Bhubaneswar: The state government has rolled out the ambitious plan to offer palliative care for the terminally ill patients to help them in pain management and other medical assistance from the District Headquarter Hospitals (DHH).
However, the DHH wallows in utter neglect and survives with the least infrastructure and other amenities. In such conditions, the smooth rollout of the advanced medical facilities and infrastructure for the terminally ill, quality of service and its monitoring seems to be a Herculean task.
Palliative care centres offer pain management and other medical intervention for the terminally ill patients. It involves higher levels of medical services like availability of medically allowed narcotic substances, life support system and others. This also demands dedicated services of trained staffers who have been trained to handle such situations.
Currently the Acharya Harihar Regional Cancer Centre (AHRCC), Cuttack, AIIMS-Bhubaneswar and other premier private cancer hospitals offer such advanced facilities to cater to the needs of terminally ill patients. Oncologists from the state opine that it is a welcome step but it is riddled with challenges.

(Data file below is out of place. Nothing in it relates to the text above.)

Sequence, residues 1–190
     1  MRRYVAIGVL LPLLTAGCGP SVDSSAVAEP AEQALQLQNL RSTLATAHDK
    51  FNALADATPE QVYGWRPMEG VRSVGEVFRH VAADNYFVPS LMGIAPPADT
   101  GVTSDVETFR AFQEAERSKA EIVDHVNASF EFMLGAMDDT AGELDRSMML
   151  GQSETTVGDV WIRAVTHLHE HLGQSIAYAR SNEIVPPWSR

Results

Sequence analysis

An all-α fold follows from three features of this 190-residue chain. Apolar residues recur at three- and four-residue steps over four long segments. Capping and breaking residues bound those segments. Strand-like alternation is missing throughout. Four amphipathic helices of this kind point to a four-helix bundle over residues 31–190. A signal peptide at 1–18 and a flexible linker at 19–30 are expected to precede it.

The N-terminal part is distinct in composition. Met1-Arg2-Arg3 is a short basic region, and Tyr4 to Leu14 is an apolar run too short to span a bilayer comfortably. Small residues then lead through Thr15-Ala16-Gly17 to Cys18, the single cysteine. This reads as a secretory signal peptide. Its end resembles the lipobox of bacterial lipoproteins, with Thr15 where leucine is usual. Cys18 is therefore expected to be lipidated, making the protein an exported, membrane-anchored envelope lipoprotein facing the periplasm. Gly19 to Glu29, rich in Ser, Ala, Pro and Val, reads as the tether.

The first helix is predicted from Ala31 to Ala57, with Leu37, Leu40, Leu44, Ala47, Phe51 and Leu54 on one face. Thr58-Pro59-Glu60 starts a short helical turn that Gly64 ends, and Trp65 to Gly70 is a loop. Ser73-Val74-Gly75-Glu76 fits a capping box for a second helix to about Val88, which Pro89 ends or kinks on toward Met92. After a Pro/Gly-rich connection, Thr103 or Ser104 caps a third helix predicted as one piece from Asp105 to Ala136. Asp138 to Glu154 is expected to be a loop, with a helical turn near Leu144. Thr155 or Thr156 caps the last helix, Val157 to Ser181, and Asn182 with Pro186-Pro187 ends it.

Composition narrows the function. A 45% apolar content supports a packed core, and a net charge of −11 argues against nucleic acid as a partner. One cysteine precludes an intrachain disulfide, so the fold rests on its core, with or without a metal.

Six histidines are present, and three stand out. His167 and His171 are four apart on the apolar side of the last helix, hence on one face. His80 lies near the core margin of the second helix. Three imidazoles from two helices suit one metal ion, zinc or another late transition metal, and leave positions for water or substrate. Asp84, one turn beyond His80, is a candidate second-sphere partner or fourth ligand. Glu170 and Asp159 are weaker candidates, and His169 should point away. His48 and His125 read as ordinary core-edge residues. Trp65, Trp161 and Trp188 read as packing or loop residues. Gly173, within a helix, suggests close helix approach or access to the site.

“The palliative care centres need morphine and other drugs to manage pain. It also demands life support systems, specially trained manpower to manage such centres. It helps the patients in terminal conditions for pain management and other extreme supports,” said Dr Saurav Mishra, an oncologist from the city.
According to the requirements of palliative care centres, they need continuous supply of medically approved narcotic— morphine. Morphine is usually –as per narcotic norms— not supplied throughout the year to hospitals. It is supplied under strict conditions as per the consumption data of the last one year. Any delay in its timely procurement or lack of database can interfere with its procurement process. Lack of trained staff for palliative care at district levels can also potentially mar the spirit of having such centres in the state.
The addition of palliative care in the district cancer programme, however, has raised the hopes of the people living in remote areas. If successful, they can offer such services which had been confined to a few centres in Bhubaneswar and Cuttack alone.
Earlier the state government had come up with the District Cancer Care Programme which planned to facilitate cancer care treatment services at the district levels. It was meant to provide massive consultation, awareness, free chemotherapy cycles in District Day Care Cancer Chemotherapy Centres and other facilities.
In the cancer treatment regime, the state has also pioneered in providing 86 types of anti-cancer drugs free of cost and all diagnosis are also given free of cost to all cancer patients under Biju Swasthya Kalyan Yojana (BSKY).
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